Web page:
We are also in a time in which the media, our public fact presentation and checking engine, are focussed on being first rather than being accurate. There are still some very good journalists out there, but a simple check of the spelling in news articles these days will show the pressure they are under. The ‘need it now’ push means less fact-checking and editing.

Add to this the information glut we live in, where there is so much information available to us, there is usually enough ‘evidence’ to support multiple, contradictory options.

 

abe lincoln
Image: http://www.dontgetcaught.biz/

 

To use the needle in a haystack metaphor, if digging to the truth a few decades ago used to be just like that – finding a needle in a haystack, then now it is searching a thousand haystacks for a thousand needles. Except it isn’t a matter of one needle per haystack. And there are located in a thousand different locations. And there are fake needles among them too. And the haystacks are on fire.

What fiction does, particularly speculative fiction, is basically cut out the crap. When the plot, characters, and setting are all fake, the only thing left to connect to the readers is to get some sort of truth in the theme. Even better, by knowing that most of it is a lie, the only question the reader really gets to ponder at the deeper philosophical level is that truth. Get rid of the haystacks, essentially, and instead of looking for the needle, have it presented to you.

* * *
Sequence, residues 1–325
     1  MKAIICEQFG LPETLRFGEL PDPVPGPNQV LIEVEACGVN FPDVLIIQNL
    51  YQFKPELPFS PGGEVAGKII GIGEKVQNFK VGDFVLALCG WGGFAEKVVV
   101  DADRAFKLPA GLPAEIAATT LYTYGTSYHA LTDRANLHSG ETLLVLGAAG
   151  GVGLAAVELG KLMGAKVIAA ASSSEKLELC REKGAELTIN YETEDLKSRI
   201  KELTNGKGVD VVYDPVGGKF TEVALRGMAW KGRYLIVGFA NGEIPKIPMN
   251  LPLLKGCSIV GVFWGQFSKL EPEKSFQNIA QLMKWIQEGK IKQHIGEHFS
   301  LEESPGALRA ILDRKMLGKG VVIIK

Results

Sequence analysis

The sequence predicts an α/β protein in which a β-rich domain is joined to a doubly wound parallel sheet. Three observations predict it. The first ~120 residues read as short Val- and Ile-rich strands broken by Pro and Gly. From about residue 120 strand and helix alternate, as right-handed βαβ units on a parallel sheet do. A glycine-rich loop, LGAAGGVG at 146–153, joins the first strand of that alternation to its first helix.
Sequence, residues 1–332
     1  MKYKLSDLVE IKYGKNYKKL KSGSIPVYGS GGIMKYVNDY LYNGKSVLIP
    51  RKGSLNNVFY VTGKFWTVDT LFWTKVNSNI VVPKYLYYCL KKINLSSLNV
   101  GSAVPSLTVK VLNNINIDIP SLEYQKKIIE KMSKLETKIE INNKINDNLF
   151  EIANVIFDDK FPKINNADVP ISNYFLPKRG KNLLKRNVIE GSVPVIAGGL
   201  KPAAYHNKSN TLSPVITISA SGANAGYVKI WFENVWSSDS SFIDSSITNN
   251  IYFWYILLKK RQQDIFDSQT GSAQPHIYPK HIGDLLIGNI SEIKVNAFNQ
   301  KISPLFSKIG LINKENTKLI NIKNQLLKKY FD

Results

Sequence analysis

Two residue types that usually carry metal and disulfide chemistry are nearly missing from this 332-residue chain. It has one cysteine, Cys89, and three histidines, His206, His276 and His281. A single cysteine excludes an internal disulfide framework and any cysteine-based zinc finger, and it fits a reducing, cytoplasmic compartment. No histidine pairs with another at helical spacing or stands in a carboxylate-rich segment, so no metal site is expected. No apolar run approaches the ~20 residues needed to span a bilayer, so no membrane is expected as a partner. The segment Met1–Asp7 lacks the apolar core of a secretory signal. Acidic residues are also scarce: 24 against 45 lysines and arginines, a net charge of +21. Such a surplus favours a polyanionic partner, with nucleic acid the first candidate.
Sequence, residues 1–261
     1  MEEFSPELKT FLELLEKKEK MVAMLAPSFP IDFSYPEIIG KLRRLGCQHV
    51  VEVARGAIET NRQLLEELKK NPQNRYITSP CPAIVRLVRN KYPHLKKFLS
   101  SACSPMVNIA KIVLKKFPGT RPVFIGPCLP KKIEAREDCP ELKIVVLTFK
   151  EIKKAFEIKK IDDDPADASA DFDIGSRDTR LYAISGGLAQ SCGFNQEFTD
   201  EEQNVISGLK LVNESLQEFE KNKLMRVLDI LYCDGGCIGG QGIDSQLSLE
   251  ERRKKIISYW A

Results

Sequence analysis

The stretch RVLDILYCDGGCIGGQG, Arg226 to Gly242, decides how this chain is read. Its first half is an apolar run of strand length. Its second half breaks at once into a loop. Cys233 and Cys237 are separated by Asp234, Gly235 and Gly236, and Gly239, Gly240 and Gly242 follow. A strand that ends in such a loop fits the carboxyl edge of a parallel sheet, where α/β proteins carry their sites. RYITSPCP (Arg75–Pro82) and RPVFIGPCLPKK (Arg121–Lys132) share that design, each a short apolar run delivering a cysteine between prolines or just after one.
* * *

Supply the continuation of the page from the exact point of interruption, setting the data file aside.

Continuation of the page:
It might be pushing the metaphor a little to discuss it any further as a needle, but the beauty of great fiction, be it speculative or otherwise, is that it will present the truth to you. Not as an absolute believe-or-you-burn kind of way, but as a debate, consistently showing the virtues and weaknesses of all sides, and leaving it up to the reader to decide which is the best interpretation.

Plenty of people will still enjoy non-fiction and other forms of fiction, and in the entertainment industry of which we are a part, this is paramount. But for me, I enjoy the exploration of concepts and distilling of truth that is critical to the spec fic world. It challenges us by throwing a truth directly in your face and creating a world and story specifically designed to challenge the reader. I have a passion for learning, and for distilling truth. So these ‘lies’ used to emphasise a truth? That is why I love spec fic. That is why it matters to me.

~ Nathan